Michael Bungay Stanier: Here’s another way of thinking about coaching. It’s kind of the process of coaching. And the process of coaching is a new insight, either about yourself or about the situation at large, leads to positive behavior change. In other words, “action”, you do something differently as a result of that insight, which leads to an increased impact, which hopefully cycles back around and the increased impact generates new insights about yourself and or about the situation.

So this is the coaching cycle. That’s another way of thinking about it.

The way I talk about it most often, because for us, we’re focused on helping people not necessarily be coaches because not everybody wants to be a coach, but to be more coach-like. And for us, it’s a behavior change and it’s can you stay curious a little bit longer. Can you rush to action and advice-giving just a little bit more slowly.

You have a behavior, you have a process, and you have an outcome. So you’ve got three different kind of components that, in some way, make up what coaching is.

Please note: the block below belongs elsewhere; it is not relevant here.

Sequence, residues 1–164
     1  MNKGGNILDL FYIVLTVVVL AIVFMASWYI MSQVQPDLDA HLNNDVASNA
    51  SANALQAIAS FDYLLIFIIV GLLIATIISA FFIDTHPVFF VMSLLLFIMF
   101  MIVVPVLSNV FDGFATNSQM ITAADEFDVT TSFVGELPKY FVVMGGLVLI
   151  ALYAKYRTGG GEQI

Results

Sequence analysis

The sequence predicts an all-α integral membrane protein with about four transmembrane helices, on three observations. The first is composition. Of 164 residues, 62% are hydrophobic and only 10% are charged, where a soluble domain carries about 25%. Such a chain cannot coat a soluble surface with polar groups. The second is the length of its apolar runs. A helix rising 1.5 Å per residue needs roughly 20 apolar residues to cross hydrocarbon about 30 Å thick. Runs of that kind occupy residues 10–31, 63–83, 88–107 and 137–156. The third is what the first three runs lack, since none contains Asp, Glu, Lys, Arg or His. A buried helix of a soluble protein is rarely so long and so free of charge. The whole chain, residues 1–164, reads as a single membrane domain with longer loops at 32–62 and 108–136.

Phil Jones: Okay. So you clarified coaching by confusing me even further by explaining what there is. There is a plethora of stuff to list.

Michael Bungay Stanier: Exactly, yes.

Phil Jones: I thought coaching was posting things on Instagram of motivational quotes from other people.

Michael Bungay Stanier: That is a particularly niche and strangely ineffective form of coaching. That kind of speaks into that whole inspiration/motivation industry as well, which sometimes works and quite often doesn’t work that well. It’s so much…It’s unpacking an enormous thing. I’m like, “Where do I start?” ‘Cause it starts with the things that come to mind is to say that, first of all, this whole idea of motivation and can you motivate others or do people have to find motivation within.

Phil Jones: Right.